While artificial intelligence (AI) has become well-known in other industries and in other parts of consumers’ lives, it is only just now starting to make a notable impact across the media and entertainment industry. This lag is likely due to the simple fact that video content is complicated.
Once a piece of content has been shot, content creators have a wealth of metadata they can use in developing their programming. Traditionally, this initial collection of data has focused on basic information about the show, such as name, scene, episode, take number, film stop, and codec, knowledge that is critical to current production workflows. Gathering further data about a piece of video typically required manual evaluation of that content, with copious — and time-consuming — note-taking. Few producers were interested in spending money on that process; it simply wasn’t worthwhile.
As a result, media organizations today maintain immense and growing media libraries without really knowing what’s in them. The emergence of AI processing changes that scenario, however. Today’s cognitive engines enable fast, automated examination of files and near-real-time extraction of minute details. These engines can perform processing tasks ranging from transcription, face recognition, and object recognition to sentiment identification, translation, and geolocation. Because additional engines are continually under development, the potential of AI for media likewise continues to improve daily.
Cognitive engines first became available to media organizations as cloud-based processing tools, but their more recent availability in hybrid and on-premise models opens up much greater opportunity for media organizations — particularly those that maintain large media libraries behind their own firewalls. In addition to eliminating the time and cost of moving content to the cloud and back for processing, on-premise examination of local archives eliminates security concerns associated with the cloud. Equally or more importantly, this approach empowers the organization to understand even massive digital media libraries much more fully.
With unprecedented insight into the nature of stored content, media organizations and content creators are equipped to produce stories of far greater depth and texture than ever before. They enjoy greater choice and creative freedom in building a narrative, recounting a history, or documenting an event.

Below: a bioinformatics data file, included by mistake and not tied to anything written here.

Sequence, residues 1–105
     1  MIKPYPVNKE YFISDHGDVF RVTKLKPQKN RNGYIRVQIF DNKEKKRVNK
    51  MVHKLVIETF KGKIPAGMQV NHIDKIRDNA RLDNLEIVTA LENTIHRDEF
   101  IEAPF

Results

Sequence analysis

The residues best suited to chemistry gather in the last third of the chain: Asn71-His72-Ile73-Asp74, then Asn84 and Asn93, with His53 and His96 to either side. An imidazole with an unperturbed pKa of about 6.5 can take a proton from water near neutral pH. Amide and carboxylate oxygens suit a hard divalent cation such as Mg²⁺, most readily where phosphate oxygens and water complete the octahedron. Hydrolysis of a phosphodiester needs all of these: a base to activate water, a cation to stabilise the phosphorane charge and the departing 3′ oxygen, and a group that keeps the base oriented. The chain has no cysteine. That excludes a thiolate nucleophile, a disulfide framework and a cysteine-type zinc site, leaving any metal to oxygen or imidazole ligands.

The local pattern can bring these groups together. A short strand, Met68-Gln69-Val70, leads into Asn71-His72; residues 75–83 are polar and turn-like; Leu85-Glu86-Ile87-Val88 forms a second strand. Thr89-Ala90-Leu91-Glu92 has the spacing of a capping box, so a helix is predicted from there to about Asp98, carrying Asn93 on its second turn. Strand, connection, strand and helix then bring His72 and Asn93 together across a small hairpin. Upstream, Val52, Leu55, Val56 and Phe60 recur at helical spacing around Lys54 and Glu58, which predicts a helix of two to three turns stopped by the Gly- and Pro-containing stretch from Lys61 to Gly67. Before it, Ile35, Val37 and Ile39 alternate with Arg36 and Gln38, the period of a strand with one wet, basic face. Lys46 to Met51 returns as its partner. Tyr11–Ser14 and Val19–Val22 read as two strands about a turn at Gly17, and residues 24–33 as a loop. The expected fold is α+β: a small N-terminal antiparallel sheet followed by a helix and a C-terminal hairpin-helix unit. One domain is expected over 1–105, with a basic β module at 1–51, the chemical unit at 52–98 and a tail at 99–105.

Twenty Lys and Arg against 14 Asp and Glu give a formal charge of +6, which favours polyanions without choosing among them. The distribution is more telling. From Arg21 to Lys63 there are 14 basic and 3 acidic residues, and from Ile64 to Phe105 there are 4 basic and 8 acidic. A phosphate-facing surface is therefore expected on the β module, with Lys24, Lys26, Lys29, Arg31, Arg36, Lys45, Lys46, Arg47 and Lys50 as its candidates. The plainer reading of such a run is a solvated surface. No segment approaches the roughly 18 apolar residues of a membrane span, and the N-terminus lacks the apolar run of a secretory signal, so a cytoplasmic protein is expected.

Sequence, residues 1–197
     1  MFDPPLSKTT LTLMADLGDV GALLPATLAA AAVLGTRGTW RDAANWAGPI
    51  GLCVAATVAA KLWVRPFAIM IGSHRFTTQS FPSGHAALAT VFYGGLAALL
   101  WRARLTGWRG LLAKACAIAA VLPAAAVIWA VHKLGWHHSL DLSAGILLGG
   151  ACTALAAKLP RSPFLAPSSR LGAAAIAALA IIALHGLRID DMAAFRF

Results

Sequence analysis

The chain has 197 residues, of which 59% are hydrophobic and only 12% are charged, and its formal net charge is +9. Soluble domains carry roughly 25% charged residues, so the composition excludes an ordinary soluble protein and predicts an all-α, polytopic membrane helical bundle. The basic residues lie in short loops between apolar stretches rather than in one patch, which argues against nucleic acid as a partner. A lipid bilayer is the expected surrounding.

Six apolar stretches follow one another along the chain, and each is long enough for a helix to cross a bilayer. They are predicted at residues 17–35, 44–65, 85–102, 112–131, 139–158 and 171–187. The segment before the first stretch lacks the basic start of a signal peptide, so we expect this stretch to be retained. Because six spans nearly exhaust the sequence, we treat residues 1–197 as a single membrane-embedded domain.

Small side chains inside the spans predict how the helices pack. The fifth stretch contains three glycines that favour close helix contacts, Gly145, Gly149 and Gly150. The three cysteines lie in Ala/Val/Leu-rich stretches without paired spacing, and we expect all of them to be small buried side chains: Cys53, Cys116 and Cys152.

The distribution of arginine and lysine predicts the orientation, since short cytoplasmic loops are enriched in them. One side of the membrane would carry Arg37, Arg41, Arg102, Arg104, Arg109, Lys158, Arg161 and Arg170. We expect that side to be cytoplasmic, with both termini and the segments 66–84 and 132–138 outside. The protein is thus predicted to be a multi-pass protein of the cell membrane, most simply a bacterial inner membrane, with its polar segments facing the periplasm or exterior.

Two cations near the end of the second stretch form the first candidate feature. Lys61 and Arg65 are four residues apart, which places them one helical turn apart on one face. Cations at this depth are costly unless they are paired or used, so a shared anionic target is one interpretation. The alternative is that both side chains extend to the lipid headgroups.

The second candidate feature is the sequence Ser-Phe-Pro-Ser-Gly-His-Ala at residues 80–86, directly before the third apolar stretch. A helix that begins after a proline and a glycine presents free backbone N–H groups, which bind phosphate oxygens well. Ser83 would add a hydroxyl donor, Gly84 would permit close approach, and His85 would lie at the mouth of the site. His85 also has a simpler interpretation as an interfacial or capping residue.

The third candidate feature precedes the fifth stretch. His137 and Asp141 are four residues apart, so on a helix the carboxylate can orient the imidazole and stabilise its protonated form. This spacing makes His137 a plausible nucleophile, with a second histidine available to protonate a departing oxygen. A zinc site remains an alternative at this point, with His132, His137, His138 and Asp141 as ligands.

Cognitive engines can identify content that is known to be in the library but is difficult or impossible to track down. In many cases, it was more affordable to go out and re-shoot specific content — such as establishing shots or B-roll footage — than to search for it within a large media library. Now, by using AI, an organization can easily identify essential supporting material within the library and, in turn, utilize it for internal productions or make it available to outside producers as licensable content.
Cognitive engines also solve the significant problem of identifying video content related to a specific person or event. When, for example, David Bowie died in 2016, the world’s leading music television network lacked an effective means of digging into its vast archives and identifying the music videos, interviews, and news stories it had created about the rock star over the decades. Using a cognitive engine for facial recognition, the network could have gone through terabytes and terabytes worth of data in a matter of hours, scanning its archive for Bowie‘s face or voice. With the resulting catalog of available content, building the story of Bowie’s life and legacy would have been greatly simplified.
For news and political reporting, data extracted by a content engine can allow users to search speeches by keywords, faces, and objects; to document various candidates’ and politicians’ positions on key issues; and to track key issues and topics.
Metadata gathered through AI processing not only accelerates the discovery of interesting moments that enrich storytelling but also gives organizations the opportunity to generate new revenue streams from existing content. Quickly gaining momentum, the application of AI to media is proving to be a huge win for media consumers and content creators alike.